Looking for tools to add more joy to your life? They’re in the garden shed. Plant what makes you smile. Unite with a gardening pal. Share your bounty with your neighbors. And, be spellbound with GARDEN JOY.


Feb. 26—Levi Straus

Feb. 27—Marian Anderson

Feb. 28—Frank Gehry

March 1—Justin Bieber

March 2—Dr. Seuss

March 3—Alexander Graham Bell

March 4—Antonio Vivaldi


“Have others’ gardening skills improved during the pandemic? Early on, I planted myself on the sofa and have grown significantly.”

“One of my fellow Master Gardeners is Jewish and his azaleas look awful. He told me he fears the soil is too Hasidic.”

“What’s the best part about gardening? Getting down and dirty with your hoes.”

                                              CALIFORNIA AVOCADO GARDEN PARTY APPETIZERS

                                                                (Source: allrecipes.com)

Each week, Joy & Gerontology shares a recipe saluting healthy food produced in America. The delicious and nutritious collection is called “The S.U.N.S. USA Longevity Cookbook” and highlights vitamin B-3 (niacin) which many research gerontologists believe holds the promise for a long, healthy, joyful life.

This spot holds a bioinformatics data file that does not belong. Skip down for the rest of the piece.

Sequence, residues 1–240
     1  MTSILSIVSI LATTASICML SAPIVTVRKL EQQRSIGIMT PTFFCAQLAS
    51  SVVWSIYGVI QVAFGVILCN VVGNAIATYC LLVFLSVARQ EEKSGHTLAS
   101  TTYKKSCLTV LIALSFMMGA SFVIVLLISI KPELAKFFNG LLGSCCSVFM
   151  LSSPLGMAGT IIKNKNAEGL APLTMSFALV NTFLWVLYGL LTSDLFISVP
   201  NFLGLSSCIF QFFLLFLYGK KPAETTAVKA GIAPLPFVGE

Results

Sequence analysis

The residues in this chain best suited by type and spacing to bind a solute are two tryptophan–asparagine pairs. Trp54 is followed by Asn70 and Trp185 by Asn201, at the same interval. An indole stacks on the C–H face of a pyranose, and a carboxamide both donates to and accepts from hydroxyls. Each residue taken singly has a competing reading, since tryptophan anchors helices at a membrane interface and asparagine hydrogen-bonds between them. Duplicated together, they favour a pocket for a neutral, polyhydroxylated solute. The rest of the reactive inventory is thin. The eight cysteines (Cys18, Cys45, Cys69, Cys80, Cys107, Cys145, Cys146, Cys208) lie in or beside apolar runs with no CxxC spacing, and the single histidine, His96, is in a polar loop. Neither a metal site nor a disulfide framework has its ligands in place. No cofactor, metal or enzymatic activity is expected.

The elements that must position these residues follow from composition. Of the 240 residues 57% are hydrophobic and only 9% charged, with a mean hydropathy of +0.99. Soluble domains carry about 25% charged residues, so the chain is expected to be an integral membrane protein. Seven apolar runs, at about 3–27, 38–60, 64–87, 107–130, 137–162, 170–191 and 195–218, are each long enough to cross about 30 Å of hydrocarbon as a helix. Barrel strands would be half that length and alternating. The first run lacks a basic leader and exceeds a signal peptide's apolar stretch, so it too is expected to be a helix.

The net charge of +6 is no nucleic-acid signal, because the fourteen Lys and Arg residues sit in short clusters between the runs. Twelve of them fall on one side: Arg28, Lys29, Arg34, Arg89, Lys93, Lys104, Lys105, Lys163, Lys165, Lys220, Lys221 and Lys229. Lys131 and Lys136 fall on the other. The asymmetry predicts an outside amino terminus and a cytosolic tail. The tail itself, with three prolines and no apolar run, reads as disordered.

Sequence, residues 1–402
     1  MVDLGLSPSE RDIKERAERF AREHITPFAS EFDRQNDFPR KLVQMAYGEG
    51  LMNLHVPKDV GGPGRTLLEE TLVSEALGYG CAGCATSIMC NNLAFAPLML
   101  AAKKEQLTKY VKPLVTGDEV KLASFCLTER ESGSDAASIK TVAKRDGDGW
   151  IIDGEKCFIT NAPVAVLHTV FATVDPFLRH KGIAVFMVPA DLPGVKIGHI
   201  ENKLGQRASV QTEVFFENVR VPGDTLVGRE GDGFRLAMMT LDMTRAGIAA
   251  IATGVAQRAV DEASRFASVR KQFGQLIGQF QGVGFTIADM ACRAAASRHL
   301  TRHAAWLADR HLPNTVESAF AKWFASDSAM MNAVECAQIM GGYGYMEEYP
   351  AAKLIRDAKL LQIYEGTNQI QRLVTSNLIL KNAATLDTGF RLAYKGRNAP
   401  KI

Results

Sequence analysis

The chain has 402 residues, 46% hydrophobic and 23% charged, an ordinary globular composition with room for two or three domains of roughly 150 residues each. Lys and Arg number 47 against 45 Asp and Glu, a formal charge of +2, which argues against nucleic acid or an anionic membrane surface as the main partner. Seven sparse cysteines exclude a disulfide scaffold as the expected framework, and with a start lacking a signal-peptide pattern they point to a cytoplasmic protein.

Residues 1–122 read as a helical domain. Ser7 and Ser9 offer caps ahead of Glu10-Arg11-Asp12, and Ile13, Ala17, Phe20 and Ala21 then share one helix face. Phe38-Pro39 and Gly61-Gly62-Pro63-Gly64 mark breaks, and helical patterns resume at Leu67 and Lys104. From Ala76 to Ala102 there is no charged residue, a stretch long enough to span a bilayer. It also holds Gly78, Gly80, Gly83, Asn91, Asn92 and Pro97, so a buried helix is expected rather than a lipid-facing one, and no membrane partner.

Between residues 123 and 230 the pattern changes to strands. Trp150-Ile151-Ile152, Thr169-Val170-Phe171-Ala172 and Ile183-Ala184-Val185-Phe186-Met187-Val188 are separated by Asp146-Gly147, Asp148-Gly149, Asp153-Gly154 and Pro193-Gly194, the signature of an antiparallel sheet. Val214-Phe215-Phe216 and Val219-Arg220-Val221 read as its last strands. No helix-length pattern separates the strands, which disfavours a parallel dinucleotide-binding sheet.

1 ripe, California avocado

½ cup fresh basil leaves

1 Tablespoon lime-juice

1 clove garlic

¼ teaspoon salt

¼ teaspoon ground black pepper

1 cucumber, cut into ¼-inch rounds

1 cup cherry tomatoes, sliced in halves

1 Tablespoon yogurt


Step 1) Blend avocado, basil, lime juice, garlic, salt and pepper together in a food processor or blender until smooth.

Step 2) Spread avocado mixture onto each cucumber slice and artfully top with a cherry tomato slice and a dab of yogurt.


184. Electric-powered Weed-eaters.

185. Captain Kangaroo.

186. The Captain and Tennille.

187. Miss Manners.

188. “Do be a Do Bee. Don’t be a Don’t Bee.”

189. The paintings of Helen Frankenthaler.

190. Sitting beneath a frame watching a quilt being stitched.

191. Picking cotton to earn spending money.

192. “The Many Loves of Dobie Gillis.”

193. The Magic Slate.

194. Wiping the slate clean.

195. “No matter what shape your stomach is in.”

196. “The Cell Block Tango.”

197. Sleeping baby.

198. Beer for breakfast in Los Angeles.

199. The smell of mom’s new Oldsmobile.

200. Penny loafer with beef rolls.

201. Tassel loafers.

202. Calling BINGO numbers at the nursing home.

203. Chartering the Delta Queen steamboat.

204. Kentucky Derby.

205. Sponsoring a NASCAR driver and team.

206. Seed catalogs.



Ben South